How traditional techniques within video editing, have adapted to the new environment of paid advertising on YouTube.
In the era of online video, digital marketers can find ourselves so caught up in new developments that we forget that film has been around for over a hundred years.
Many conventions have emerged within those decades, and although they might now appear to be set in stone, we need to remember that they were born of trial and error on the part of entrepreneurs of an earlier age.
What happens when an old life form, which has evolved into the shape we recognise today, is brought into a new environment? ‘Jurassic Park’ analogies spring to mind, but I will resist!
The environment I am speaking of here is clickable advertising. In this new world, brands seek to reach targeted customers, only paying the digital marketer when there is proven engagement: engagement, which is increasingly validated by performance metrics. In practice, this means that marketers now have to prove that the viewer has engaged with their video for the whole of a specified period (up to 20 seconds).
This is a radically different environment from anything we have been used to. The nature of film needs to mutate to meet the challenge or, like any prehistoric creature, risk extinction.
It is no exaggeration to say that the demands of ‘clickability’ are leading video advertising, to acquire a new identity in the online environment. One aspect of this new identity can be seen in the post-production context. There has been a major change to the speed with which clips are spliced together by editors.
As any film buff knows, editing is one of the key factors used to develop the texture and unique story of a film. The choices of the editor are crucial in determining whether the viewer experiences the film as a masterpiece, or a piece of garbage.
This remains true whether the film is designed to win an Oscar or to promote a brand. There is no one style of editing, but fast-paced editing is now the dominant technique for videos within the online space of clickable advertising, and this time-pressured environment has forced the identity of the video to adapt.
The clock starts, the race is on, the prize is the viewer’s engagement in the video, and ultimately, the purchase of the product or service.
In the worse case scenario, not only does the film fail to engage the viewer, but also the viewer takes the whole 20 seconds to decide they are not interested.
Here the advertiser does not achieve engagement and is still charged for the failed attempt. This double whammy potentially makes online advertising no more attractive than traditional forms of media placement such as television.
Editing styles have changed in an effort to address this challenge. Quick cuts of just under one second allow the advertiser to communicate their story to the viewer concisely.
Crucially, this allows them to condense their message into the first part of the video, enabling the viewer to decide whether this is something of interest before the advertiser is charged. Eureka! Problem solved. Or is it?
Like any medium relying on creative sentiments to carry a business message, business tactics can be damaging as well as liberating, and quick cuts are no exception.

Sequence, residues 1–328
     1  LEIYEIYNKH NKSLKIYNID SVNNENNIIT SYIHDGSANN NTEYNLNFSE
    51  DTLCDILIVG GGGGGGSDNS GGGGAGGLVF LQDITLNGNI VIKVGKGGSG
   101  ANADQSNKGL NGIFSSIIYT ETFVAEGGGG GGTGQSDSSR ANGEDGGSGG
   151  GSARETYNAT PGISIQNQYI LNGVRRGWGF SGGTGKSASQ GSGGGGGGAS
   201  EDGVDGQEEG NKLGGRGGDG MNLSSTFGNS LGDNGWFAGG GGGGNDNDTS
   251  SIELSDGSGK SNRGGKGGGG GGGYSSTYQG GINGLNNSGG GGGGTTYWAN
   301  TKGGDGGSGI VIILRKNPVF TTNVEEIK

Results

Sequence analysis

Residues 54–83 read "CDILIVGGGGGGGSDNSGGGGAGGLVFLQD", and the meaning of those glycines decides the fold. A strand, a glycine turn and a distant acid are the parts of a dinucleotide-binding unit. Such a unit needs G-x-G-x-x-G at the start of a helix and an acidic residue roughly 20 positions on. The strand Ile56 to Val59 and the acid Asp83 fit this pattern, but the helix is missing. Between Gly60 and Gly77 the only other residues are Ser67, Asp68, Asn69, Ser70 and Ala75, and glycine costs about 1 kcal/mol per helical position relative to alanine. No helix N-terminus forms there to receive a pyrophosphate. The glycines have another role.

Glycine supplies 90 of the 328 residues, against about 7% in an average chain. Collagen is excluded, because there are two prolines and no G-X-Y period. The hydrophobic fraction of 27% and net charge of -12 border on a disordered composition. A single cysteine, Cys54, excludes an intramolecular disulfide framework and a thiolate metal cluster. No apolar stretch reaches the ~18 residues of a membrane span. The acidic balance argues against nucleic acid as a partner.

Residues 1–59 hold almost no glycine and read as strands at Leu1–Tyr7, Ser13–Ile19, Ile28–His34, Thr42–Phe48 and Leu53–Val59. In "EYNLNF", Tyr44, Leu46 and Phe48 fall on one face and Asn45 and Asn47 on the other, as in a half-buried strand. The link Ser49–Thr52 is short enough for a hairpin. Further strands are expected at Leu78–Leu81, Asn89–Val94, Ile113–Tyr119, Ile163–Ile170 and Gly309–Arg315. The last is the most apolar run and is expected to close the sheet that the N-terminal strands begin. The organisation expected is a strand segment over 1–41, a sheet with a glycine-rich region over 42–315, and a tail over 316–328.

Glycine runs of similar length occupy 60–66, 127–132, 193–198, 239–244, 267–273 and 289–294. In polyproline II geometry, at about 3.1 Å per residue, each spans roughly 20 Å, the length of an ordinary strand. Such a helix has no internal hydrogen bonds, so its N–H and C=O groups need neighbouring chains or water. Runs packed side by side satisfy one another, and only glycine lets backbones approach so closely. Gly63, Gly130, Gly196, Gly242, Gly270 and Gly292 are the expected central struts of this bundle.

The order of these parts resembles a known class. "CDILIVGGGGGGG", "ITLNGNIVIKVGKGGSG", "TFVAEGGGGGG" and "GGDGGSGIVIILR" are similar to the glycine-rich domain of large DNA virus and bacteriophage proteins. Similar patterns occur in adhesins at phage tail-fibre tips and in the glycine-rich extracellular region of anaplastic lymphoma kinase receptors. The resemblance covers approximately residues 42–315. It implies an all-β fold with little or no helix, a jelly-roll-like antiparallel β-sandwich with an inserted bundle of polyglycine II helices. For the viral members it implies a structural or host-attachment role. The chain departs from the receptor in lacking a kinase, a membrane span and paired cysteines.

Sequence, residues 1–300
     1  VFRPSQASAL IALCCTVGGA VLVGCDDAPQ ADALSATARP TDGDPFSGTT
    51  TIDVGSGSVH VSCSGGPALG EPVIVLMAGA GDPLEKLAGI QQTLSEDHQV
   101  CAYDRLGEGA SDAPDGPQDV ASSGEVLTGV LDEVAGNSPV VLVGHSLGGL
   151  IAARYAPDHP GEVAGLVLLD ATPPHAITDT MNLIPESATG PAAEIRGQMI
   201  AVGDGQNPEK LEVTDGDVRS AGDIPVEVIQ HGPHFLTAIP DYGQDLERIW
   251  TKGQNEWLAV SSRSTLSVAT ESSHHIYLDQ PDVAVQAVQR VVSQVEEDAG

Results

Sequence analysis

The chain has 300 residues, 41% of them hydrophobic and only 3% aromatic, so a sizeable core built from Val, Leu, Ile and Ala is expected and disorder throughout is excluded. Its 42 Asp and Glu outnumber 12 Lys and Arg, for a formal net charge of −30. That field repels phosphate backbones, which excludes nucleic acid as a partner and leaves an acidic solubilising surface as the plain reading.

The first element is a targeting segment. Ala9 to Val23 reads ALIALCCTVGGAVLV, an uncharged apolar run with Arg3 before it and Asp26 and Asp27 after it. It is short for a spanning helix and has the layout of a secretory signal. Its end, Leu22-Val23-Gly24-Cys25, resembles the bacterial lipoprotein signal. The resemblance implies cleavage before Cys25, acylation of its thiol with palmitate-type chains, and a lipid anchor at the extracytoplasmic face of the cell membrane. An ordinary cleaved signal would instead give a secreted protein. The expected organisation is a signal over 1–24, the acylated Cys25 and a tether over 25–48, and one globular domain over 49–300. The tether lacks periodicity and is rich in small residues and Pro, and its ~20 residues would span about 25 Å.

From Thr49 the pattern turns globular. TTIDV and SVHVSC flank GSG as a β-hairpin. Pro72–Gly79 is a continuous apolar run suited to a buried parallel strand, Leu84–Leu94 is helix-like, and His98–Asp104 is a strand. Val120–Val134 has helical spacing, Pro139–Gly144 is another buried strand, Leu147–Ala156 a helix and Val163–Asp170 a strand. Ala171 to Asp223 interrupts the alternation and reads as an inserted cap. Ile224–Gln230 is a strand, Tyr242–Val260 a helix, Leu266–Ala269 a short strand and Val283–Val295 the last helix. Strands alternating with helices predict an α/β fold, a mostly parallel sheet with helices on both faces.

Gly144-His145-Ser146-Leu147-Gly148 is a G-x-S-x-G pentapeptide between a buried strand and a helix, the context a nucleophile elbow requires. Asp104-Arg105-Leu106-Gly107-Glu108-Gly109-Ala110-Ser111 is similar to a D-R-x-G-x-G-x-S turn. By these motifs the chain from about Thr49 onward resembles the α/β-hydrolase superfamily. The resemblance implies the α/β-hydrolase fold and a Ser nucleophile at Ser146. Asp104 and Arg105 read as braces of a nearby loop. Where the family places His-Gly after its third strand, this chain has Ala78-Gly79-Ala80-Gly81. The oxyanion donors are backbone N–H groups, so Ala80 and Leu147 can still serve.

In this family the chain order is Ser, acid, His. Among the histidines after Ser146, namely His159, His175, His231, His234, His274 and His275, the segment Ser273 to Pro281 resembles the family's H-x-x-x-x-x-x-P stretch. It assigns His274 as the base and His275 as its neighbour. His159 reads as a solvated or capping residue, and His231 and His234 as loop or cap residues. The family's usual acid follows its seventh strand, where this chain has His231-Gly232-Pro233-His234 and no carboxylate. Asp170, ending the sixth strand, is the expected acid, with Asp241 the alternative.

A slavish devotion to quick cuts can result in a uniform editing style. However individual they may be in other ways, online video advertisements are all now forced into the same editing style.
It becomes increasingly hard to make a video that stands out from the crowd, and the result is loss of engagement – precisely the problem that fast cuts were intended to solve. It could be argued that at least advertisers are no longer actively losing money, but that is hardly a convincing argument.
It is ironic that quick cuts can lead video ads to lose their edge, considering that they are traditionally used to produce an edgy and sometimes psychedelic effect. I guess much like anything when used in excess, it is all too easy to create the opposite effect to the desired one.
This is an example of how Twentieth Century Fox Animations, adapted editing techniques to suit this platform in an effective way in may 2013 for the release of ‘Epic’. Combining an initial long take where the animation ‘breaks the forth wall’ and addresses the audience.
Which is followed by various quick cuts to communicate their message in a short period of time. I found this combination very effective and it held my attention throughout:
We need to recognize that the customer knows the difference between exciting content and uninteresting content, which has been edited to give the illusion of excitement.
Quick cuts will not disguise uninteresting video content. The clickable environment is changing the nature of film, but that does not mean it will become mechanistic.
We must be confident in our message and our approach, and put more faith in our viewers if we are to stand out and not blend into the sea of sameness ripe for ‘click to skip’. One of the most engaging and intriguing films ever made was Alfred Hitchcock’s ‘Rope’ (1948).
He wanted the film to be one continuous take, but the cameras available at that time could only hold 1000 meters of 35mm film (11 minutes). Therefore the film consists of 11 shots in total, typically the same number of shots to appear in clickable advertising videos before the choice is given to the viewer to skip.
With these long takes, effective story telling was achieved in a concise way and the movie stands out in film history as being ambitious, unique, interesting and edgy, qualities we should emulate in the clickable environment.